May 23, 2014, 6:04 PM EDT
But George believes that might not have been the case had he chosen his words more carefully.
Immediately following the play, both on the court and on the bench, George successfully answered all questions related to the league’s concussion protocol, but later admitted to reporters that he blacked out from the collision and tried to play through having blurred vision.
“Yeah, but I probably should have kept that to myself,” George said following Friday’s practice. “It just made a mess. That’s something that, going forward, just keep that between myself and the training staff.”
The only “mess” George could possibly be referring to is the fact that the concussion diagnosis became unavoidable following his remarks, which gets the league involved in determining whether or not he would be cleared to play in Game 3 on Saturday.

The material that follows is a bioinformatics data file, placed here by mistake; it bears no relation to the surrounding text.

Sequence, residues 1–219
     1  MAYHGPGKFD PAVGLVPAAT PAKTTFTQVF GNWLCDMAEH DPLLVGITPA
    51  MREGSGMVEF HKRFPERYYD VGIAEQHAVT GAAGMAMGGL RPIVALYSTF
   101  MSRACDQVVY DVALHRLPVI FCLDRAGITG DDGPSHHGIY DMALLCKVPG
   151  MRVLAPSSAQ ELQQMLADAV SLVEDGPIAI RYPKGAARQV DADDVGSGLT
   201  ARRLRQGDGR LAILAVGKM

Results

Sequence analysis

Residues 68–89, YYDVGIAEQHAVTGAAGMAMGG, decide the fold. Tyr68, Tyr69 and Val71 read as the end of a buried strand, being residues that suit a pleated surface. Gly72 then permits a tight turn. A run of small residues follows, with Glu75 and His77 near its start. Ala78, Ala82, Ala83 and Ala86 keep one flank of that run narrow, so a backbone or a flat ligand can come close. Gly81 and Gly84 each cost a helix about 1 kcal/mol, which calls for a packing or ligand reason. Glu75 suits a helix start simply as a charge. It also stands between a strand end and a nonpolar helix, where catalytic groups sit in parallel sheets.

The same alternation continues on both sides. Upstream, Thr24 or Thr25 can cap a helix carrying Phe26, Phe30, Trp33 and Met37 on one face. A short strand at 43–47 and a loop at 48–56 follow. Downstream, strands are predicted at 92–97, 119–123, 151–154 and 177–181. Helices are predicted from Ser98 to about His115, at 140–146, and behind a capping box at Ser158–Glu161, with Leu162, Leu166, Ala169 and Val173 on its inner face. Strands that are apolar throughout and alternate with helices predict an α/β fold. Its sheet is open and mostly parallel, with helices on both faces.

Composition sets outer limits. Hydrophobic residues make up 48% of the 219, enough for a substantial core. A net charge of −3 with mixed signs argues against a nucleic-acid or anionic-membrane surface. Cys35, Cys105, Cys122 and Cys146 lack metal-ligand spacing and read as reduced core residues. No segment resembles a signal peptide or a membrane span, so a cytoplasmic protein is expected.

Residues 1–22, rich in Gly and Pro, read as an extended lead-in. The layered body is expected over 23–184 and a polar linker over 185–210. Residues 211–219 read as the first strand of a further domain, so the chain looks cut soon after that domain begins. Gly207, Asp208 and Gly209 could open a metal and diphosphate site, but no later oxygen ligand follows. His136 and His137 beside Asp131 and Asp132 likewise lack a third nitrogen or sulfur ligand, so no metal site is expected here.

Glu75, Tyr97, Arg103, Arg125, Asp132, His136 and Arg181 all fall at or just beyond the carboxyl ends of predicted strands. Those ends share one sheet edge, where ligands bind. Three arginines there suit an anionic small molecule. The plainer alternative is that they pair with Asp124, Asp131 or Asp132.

The media and the public obviously don’t need to know every detail of an injured athlete’s symptoms, but let’s hope George is smart enough to at least be 100 percent forthcoming with the team trainers — even though it might not be the easiest of decisions.
LeBron James said that every player at this stage of the postseason would try to play through a concussion, and David West admitted it’s difficult to be completely honest in terms of your symptoms if you want to continue to play.
The league and its individual teams can continue to work to educate the players about the dangers of trying to play with a concussion. But considering what we’re hearing from the players themselves, and given all that’s at stake, it’s worth wondering if it will really make a difference.
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